The weak point of our democracy

Prime Minister Justin Trudeau is scheduled to testify this Wednesday before the Commission on Foreign Interference in the Democratic Process, chaired by Judge Marie-Josée Hogue. A commission that he will have done everything to avoid.

Which is a little surprising since he had known since at least 2023 that there had been foreign interference in the Canadian elections, we learned at the Hogue commission.

This indifference is partly explained by the evidence heard by the Commission in recent days: if there was interference during the last elections, it was mainly by China and against candidates from the Conservative Party of Canada.

We must be careful, because at this point, not all the evidence has been filed and very few witnesses have been heard. But what is already on the table is troubling.

Thus, we learned that during the 2019 and 2021 electoral campaigns, China intervened to defeat candidates it considered to be hostile to its interests and helped at least one liberal candidate.

We’re talking about disinformation campaigns about the Conservative leader in the last election, Erin O’Toole, and Conservative candidates like Michael Chong, who was a minister and candidate for the leadership of the Conservative Party in 2017.

In addition, MP Han Dong – now an independent, but then a Liberal candidate – had received the support of Chinese students in Canada who came to vote in large numbers at his investiture meeting at the instigation of the Chinese consulate in Toronto, according to what was submitted to the Hogue commission.

We will notice one thing: foreign interference passes through what is the weak point of our democratic institutions: the local authorities of political parties, at the level of the constituency and the nominations of candidates.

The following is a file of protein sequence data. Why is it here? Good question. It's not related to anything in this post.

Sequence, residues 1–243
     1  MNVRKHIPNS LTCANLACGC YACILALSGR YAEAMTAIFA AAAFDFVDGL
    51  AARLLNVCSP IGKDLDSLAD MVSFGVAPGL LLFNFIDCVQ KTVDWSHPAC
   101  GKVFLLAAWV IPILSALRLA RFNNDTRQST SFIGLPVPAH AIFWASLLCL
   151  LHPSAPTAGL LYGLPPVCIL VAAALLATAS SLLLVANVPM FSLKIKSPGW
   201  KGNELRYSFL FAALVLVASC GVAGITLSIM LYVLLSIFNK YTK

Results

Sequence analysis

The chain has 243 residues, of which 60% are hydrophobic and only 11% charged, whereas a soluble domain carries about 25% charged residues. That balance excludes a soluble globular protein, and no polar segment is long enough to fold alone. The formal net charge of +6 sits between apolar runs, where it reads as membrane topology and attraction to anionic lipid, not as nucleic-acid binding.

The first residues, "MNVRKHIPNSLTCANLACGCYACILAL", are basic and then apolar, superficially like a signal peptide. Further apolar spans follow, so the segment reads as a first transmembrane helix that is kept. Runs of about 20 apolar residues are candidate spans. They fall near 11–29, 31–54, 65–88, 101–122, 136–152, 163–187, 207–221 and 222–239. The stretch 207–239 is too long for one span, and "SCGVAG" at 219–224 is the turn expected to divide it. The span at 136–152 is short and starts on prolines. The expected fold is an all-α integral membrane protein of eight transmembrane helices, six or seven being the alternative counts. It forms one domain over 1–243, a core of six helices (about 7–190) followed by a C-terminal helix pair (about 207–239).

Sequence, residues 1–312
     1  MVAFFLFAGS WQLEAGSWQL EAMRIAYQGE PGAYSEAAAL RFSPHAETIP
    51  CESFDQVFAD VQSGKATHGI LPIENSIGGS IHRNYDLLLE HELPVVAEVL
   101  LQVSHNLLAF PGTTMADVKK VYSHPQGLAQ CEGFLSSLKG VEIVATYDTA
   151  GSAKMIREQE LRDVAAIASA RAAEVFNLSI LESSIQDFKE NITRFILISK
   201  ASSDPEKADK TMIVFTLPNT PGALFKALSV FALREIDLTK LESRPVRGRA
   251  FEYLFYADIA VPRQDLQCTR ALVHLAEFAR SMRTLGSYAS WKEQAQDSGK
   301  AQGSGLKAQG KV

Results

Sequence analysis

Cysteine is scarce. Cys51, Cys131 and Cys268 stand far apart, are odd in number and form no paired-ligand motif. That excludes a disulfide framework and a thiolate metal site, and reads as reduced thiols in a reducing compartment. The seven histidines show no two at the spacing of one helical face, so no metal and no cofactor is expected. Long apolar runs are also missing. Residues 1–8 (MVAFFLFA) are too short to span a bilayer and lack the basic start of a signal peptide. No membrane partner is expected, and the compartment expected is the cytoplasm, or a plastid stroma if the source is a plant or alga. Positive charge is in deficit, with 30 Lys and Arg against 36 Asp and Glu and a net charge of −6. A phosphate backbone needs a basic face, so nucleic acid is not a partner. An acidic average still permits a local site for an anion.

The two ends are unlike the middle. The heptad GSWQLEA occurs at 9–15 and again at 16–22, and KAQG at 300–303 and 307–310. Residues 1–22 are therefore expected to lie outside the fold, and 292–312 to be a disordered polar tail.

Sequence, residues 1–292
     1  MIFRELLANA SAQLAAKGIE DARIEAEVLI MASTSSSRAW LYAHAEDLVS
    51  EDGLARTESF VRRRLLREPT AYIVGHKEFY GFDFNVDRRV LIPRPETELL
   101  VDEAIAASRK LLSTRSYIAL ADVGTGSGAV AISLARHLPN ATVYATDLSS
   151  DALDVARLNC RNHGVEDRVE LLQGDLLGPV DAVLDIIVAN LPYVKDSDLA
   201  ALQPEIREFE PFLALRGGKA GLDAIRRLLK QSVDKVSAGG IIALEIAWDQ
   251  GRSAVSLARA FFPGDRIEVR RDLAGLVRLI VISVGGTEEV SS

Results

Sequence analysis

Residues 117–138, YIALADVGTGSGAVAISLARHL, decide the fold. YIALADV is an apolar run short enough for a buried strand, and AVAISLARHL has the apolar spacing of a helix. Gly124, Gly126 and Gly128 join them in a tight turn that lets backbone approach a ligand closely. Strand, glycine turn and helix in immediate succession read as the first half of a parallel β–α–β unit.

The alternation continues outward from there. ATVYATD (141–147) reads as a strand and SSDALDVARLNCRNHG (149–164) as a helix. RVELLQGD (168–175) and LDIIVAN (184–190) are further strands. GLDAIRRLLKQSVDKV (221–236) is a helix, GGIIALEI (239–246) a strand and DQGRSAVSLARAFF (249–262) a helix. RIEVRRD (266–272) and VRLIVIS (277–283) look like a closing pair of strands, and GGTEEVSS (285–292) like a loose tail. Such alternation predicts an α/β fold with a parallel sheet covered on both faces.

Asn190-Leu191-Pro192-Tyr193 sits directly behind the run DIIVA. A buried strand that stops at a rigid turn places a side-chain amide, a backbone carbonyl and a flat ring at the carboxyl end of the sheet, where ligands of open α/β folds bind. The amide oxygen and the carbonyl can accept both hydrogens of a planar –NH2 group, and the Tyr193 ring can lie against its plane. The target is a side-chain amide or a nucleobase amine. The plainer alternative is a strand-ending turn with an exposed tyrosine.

Foreign interference does not happen at all like in spy novels: we are not looking for the ambitious young politician to make him a mole who will be able to influence decisions later.

What some are clearly trying to do is get one or more MPs who can attempt to influence their caucus colleagues and, potentially, the government.

It’s all the easier since political parties tend, in the name of openness, to remove requirements, particularly for investiture assemblies.

To the point where, in the Liberal Party of Canada, those who want to vote are no longer asked to hold a party membership card, but simply to be a “registered Liberal”, which is open free to all those who have more aged 14 and say they “support the objectives of the Liberal Party”.

At the nomination meetings, we do not even check whether the “registered Liberals” are Canadian citizens or even permanent residents.

It’s not very surprising that countries wanting to influence our policies have used this open door to interfere in Canadian affairs.

This practice of using “instant members” has even been used for a long time in Canada. We will remember that Brian Mulroney’s organization, during his second Conservative leadership campaign in 1983, had party cards signed and homeless people from the Old Brewery Mission vote, an anecdote which is now part of the Canadian political folklore.

The practice is still widespread. A political party may think that it is democratizing itself by electing its leader by universal suffrage of members alone, but this also implies that the debate will no longer focus so much on the ideas of the candidates, but will become a real competition for the sale of membership cards.

This is why the potential candidacy of Denis Coderre, for example, so disturbs the leaders of the Liberal Party of Quebec. In his long career, Mr. Coderre was first and foremost a political organizer. And if the Liberal leadership race were to turn into a “membership card selling contest,” he would be completely in his element.

Our political parties have often been criticized for concentrating powers within a political commission or a general management which decides on the main directions, leaving very little room for activists and party members, of whom we no longer ask. than making donations and participating in a few rare events where we talk much more about organization than politics.

But if our political parties are nothing more than empty shells open to all, can we really be surprised that countries that are not our allies take advantage of the weak point in our democracy and decide to use it against our interests? ?

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